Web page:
Dmitri Medvedev: real successor or decoy?
Dmitri Medvedev has been in the spotlight over the past month, positioned as the favorite to become President Putin’s successor. But Medvedev’s prominence might be no more than a facade intended to reassure or mislead the West about policy trends and the intentions of Russia’s elites.
Late January was marked by an important and long-awaited event in Russian politics: First Deputy Prime Minister Dmitri Medvedev emerged from the shadows to take up a starting position for the presidential race. Practically all the experts had picked Medvedev as a favorite among Putin’s potential successors, along with Defense Minister Sergei Ivanov.
“Putin’s potential successors” are quite different from “Yeltsin’s potential successors.” In the Yeltsin era the “successors” were particular individuals – one after another, and usually not for long: Nemtsov, Kirienko, Stepashin, Rushailo, and so on. The eventual choice turned out to be unexpected and mysterious – and still looks that way even by the standards of today, when Putin’s second term is drawing to a close. “Putin’s successors” are a certain cohort of people in Putin’s inner circle, any of whom might be chosen; but a) there are several of them simultaneously, and b) Putin himself has never named any of them as his successor, although he has promised repeatedly to do so, publicly and otherwise.
The reasons for this difference are unlikely to be found in any personal character traits of Yeltsin and Putin. They are probably due to a kind of “demand from the system” – substantially different in 2007 from what it was in 1999, for example. Eight years ago this demand focused on safeguarding the outcomes of “market-democratic reforms” in general and privatization in particular, along with personal safety guarantees for Yeltsin and his Family. Consequently, any politician capable of providing those safeguards and demonstrating their effectiveness would automatically get the presidency.
And that’s what happened, eventually. Yet it should be acknowledged that the search for an appropriate person took a little too long; Putin emerged only just in time. And the defamation of his potential and actual rivals was so much like natural history that the subjective will involved in the process still seems somewhat uncertain. But later on, from summer 1999, everything went smoothly for Putin – and it’s still going smoothly, aside from a few incidents. Even the tragedies of the Kursk submarine sinking, the Moscow theater hostage-taking, and the Beslan school siege haven’t had any impact on the reputation or popularity of Russia’s second president, leading the press to give him the honorably ironic title of “Teflon president.”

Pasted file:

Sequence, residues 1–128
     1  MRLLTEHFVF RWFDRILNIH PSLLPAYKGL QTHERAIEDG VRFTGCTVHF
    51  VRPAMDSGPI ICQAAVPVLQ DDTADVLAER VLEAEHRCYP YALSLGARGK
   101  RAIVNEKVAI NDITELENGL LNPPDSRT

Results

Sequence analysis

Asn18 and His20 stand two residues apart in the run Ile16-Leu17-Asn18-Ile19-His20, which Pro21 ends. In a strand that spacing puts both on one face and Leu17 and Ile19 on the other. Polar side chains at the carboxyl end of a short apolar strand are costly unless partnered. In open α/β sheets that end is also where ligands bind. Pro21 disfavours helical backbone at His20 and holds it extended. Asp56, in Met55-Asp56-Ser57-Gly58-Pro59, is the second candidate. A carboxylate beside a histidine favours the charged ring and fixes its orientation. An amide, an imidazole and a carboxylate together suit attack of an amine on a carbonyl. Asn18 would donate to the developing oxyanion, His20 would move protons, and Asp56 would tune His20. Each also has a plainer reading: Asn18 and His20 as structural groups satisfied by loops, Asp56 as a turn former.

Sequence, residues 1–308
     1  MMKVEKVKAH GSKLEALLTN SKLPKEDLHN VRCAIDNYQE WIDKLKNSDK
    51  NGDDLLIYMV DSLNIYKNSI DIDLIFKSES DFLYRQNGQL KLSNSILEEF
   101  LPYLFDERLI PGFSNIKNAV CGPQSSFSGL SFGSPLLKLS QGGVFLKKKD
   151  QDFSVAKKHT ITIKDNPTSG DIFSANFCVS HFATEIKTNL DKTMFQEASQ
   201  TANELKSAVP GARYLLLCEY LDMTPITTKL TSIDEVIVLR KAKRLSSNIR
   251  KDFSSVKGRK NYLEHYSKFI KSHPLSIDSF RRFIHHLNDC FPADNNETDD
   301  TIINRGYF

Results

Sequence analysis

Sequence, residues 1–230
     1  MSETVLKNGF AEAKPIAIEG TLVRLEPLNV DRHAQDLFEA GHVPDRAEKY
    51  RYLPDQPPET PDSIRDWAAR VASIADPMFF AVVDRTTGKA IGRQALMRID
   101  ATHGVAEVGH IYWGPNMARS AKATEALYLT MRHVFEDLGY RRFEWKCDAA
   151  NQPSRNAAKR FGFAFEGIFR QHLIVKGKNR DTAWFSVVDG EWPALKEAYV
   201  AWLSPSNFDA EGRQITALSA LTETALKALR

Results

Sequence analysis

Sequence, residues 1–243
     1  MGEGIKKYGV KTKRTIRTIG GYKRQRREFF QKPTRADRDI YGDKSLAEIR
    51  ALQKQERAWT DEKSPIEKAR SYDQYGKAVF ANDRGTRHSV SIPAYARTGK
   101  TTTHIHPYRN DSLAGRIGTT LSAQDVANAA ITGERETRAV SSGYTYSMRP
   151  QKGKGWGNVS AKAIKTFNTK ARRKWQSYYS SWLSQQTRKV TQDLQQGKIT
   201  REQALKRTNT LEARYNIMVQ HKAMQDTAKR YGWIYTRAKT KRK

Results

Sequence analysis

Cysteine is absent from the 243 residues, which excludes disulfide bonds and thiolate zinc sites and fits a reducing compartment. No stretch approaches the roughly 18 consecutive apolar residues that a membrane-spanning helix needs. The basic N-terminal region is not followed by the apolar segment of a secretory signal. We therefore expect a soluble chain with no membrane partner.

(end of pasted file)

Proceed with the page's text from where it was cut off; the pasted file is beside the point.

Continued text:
So there was a precise and unconditional “demand from the system” back in 1999, and Putin has fulfilled it just as unconditionally: the “market reforms” in Russia are continuing, privatization outcomes remain essentially unrevised, and Yeltsin is still a welcome and honored guest at Kremlin Cup tennis matches.
But the “demand from the system” has changed substantially during Putin’s eight years in power, losing its erstwhile precision and focus. At the risk over-simplifying, one might even say that the “demand from the system” is now mostly about shaping the demand from the system itself. The authorities and the rich have clearly ceased to fear any possibility that “the workers” might turn around and “expropriate the expropriators.” Yet even as their assets and influence grow, Russia’s elites are now experiencing a rapidly-rising fear of being swiftly and irreversibly excluded from all the pleasures of life in the West. The question of what to do about this has not yet become critical or vital among the elites – judging by their investment, recreation, and inheritance choices – but it is already being raised. In 1999, “demand from the system” focused on an “iron-handed executor” – which explains the eventual choice between “Rushailo the cop” and “Putin the chekist.” In 2007, there is demand for an ideologue – a kind of Moses the Prophet, so to speak (although Old Testament parallels aren’t entirely inappropriate here), capable of “leading the Chosen People out of Egypt to the Promised Land.”